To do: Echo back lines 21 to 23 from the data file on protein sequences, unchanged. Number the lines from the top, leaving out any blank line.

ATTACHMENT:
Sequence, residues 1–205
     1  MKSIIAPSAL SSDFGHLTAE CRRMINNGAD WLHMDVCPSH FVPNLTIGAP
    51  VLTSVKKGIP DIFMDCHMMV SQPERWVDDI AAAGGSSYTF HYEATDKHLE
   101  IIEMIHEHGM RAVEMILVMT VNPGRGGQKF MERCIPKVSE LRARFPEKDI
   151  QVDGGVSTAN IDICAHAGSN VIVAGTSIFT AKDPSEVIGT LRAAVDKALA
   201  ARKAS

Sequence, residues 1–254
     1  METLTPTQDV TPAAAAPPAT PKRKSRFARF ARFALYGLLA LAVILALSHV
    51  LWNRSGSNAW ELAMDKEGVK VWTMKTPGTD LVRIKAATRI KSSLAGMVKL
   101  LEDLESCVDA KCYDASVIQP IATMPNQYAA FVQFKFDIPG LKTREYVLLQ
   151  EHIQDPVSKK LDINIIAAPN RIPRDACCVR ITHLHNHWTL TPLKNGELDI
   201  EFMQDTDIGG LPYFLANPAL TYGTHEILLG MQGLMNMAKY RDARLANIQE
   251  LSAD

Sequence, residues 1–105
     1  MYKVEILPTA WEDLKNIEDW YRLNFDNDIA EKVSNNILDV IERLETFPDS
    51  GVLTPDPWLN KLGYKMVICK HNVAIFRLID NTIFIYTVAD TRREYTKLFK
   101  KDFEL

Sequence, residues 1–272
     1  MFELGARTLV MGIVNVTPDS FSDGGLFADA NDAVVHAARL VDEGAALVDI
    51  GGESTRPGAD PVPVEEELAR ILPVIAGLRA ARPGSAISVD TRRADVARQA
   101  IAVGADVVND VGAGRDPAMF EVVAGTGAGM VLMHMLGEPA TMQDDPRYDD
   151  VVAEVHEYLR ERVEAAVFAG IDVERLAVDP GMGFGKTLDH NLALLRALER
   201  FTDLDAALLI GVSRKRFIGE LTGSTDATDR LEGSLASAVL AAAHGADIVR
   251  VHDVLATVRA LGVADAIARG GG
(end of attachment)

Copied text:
   101  IAVGADVVND VGAGRDPAMF EVVAGTGAGM VLMHMLGEPA TMQDDPRYDD
   151  VVAEVHEYLR ERVEAAVFAG IDVERLAVDP GMGFGKTLDH NLALLRALER
   201  FTDLDAALLI GVSRKRFIGE LTGSTDATDR LEGSLASAVL AAAHGADIVR